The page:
Hey everybody! Today we are talking about using video in your communications. I said communications and not marketing on purpose because this goes far beyond just dropping in a social video or creating a new video for your website header.
Video has a lot of uses and a lot of applicability that we don’t always think about or talk about in marketing. But, with this video, we’re going to do that.
So here’s what we’re going to do. We’re going to talk about the three things you need for great video, and then we’re going to talk about how to use it in a way outside of those normal uses, like website and social that we usually talk about. Here we go.
The three things you need to make a great video are good lighting, good audio, and, of course, good video. Pretty simple, right?
What I do is I use a ring light, put my iPhone right in the center of that puppy, turn it on, and get a nice little shine on the pale old face here.
For audio. I’ve got a good Lavalier mic. Not sure how to pronounce that. Here’s the Lav mic I use.
So we’ve got a little more punch and just clear audio for the video.
And of course, like I already said, for video capture, I use an iPhone. That’s a super basic set up. It’s kind of like the starter kit. But if you want to go in advance beyond that, you can get some pro-level cameras to plug into your computer. Or you can, you know, get a real camera and do video capture through there, like a Sony or a Canon. Whatever you want to do.
The most important thing is that you are comfortable with your set up, that you know how to use it, and that it creates something that’s quality that’s not grainy, that you don’t have audio that has either way too much bass or so low and quiet that you can’t understand what you’re saying.
If you’re going to go one way or the other, make sure your audio is in good shape first. People can be okay with some bad video, as we’ve seen from a year of watching people through their webcams on Zoom.
But bad audio is a lot harder to stomach. So make sure that that’s in good shape first, before you start doing videos in your communications.
So real quick, I want to address why you should use video.
There are tons of stats that I could recite here. You’ve probably heard all of them before somewhere.
You’ve likely heard that the brain processes visuals 60,000 times faster than text. Or people who watch a video retain 95% more information than if they read it in an email. Something like that.
I’m not going to get into a ton of those right now. I think the why is really all about relationships; it’s about the nonverbal communication.
You know, you can see my face, you can see the smile, you can see the hands move, you can see the facial gestures. Being able to see somebody makes a big difference, as opposed to just reading words, especially or even just hearing their voice.
So to be able to build some of that relational structure is the number one reason why I think video is a great move, especially when you’re using it in one-to-one communication.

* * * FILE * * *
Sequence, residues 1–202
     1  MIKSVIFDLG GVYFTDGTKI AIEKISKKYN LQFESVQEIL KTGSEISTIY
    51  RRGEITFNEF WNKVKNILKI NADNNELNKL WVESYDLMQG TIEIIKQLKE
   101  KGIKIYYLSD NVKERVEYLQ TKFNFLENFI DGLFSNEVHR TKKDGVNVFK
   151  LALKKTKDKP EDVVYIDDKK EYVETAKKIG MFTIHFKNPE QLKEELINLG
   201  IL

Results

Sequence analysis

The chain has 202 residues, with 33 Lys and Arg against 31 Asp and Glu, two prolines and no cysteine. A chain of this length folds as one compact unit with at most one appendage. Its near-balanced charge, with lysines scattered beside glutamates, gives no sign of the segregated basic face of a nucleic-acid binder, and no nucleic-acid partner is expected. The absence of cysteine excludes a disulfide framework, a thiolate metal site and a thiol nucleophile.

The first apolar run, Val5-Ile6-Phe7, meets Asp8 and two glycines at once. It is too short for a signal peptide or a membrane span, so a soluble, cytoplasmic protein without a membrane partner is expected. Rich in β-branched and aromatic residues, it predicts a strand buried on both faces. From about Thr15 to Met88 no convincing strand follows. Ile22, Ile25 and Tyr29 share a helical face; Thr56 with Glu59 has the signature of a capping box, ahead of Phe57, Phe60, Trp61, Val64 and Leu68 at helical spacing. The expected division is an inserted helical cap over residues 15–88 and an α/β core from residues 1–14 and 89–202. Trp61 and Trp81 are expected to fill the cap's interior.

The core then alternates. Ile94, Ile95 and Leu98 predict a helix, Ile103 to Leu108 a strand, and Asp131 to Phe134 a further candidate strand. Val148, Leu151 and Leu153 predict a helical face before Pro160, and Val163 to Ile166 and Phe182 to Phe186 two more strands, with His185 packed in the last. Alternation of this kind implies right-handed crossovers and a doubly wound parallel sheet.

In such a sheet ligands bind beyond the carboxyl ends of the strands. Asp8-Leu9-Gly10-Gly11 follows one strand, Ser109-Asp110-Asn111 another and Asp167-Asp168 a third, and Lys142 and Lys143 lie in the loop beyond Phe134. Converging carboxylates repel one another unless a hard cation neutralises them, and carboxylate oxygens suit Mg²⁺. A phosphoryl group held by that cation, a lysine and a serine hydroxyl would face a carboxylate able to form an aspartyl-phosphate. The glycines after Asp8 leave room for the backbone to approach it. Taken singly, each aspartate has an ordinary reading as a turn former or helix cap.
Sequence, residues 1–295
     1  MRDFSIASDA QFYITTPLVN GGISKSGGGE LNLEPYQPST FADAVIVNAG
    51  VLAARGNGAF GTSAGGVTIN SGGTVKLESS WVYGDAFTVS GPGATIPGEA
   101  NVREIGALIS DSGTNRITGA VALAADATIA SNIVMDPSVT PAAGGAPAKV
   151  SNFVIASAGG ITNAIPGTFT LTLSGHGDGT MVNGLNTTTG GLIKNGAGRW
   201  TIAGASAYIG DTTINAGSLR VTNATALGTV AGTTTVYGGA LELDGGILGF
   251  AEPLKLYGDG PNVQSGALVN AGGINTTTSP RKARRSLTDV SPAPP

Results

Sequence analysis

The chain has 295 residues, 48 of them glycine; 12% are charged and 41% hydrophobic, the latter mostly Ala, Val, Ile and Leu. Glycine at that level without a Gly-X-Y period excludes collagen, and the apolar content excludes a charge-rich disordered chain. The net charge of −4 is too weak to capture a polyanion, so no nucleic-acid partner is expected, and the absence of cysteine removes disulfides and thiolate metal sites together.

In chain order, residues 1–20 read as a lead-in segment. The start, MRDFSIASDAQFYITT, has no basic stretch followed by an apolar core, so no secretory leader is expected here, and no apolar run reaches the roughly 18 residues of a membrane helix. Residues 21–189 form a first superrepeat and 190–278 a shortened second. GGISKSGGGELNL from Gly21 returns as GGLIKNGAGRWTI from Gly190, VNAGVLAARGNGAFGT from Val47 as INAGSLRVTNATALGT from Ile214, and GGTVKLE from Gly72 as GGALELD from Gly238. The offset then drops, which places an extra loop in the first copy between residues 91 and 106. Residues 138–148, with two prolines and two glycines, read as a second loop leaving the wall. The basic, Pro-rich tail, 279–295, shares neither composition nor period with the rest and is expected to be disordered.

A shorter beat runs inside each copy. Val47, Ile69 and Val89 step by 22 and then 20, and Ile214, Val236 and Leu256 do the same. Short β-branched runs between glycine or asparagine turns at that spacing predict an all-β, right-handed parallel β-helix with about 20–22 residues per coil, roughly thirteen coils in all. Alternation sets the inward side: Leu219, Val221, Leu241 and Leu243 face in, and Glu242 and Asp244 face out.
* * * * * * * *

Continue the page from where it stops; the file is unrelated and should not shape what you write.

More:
Okay, so the last segment of today’s video is how to use video.
Obviously, you can record a sweet little slow motion video of you walking through your office meeting with clients and put that up on your website. You can record videos like this, publish it out to social, and talk about what you do.
All good uses, but where video really shines is in one-to-one communication, and not just when you are in a live meeting with someone, but when you want to relay information.
There are two tools that I’ll tell you about that I really love. One is Loom. The other is VideoAsk.
We use VideoAsk in Three Crowns when we are writing blogs and content for our clients.
So, one of the things that’s hardest to get right when you’re writing for somebody is to get all the information out of their brain and get it into your brain so you can then write like you’re them.
It’s hard to schedule time on somebody’s calendar and talk for half an hour to pull all that out. And it’s less ideal to have them fill out a written template because that also can take some time and sometimes it’s just not natural for someone to sit down and type up in their bullet points without going overboard and basically writing the entire article.
So, what we do instead is we use VideoAsk. VideoAsk lets you record a video with a couple of quick questions like, “Hey, here’s what we’re going to write about this week. And here are the three things that I want your thoughts on.” That video gets sent to the other person who’s receiving it, and they then record a video in response.
You can do up to a 5-minute response. And so it’s very simple. It’s very natural. It feels like we’re almost having a conversation, even though we aren’t. It’s better than just recording a file on your phone and sending it over because those videos are connected together there through the VideoAsk platform.
You’ve got the first video that you sent, you’ve got the response video, and you can view them all. It makes it really, really easy to ask them sometimes tough questions and makes it more personable, more interactive, and more engaging than if I would just send that through an email.
So, look at ways through Loom or through VideoAsk to incorporate video into your client interactions and your communications with people in a one-to-one way.
Use a video as a follow-up to a prospect.
Incorporate it in those more intimate settings, and not just as a way to fill your social media feed. I think you’re going to find that it’s rewarding, that it really builds connections with the people that you’re talking to, and that it’s going to be beneficial to your business.
So, that’s today’s video. Just a few thoughts on how to use video in your communications in a more robust way than is often talked about.
I would love to hear your thoughts and your comments on how you’re using video in your communications and what impact it’s had. So, drop me a line. Hit me up on Twitter. Let’s chat. See you next week.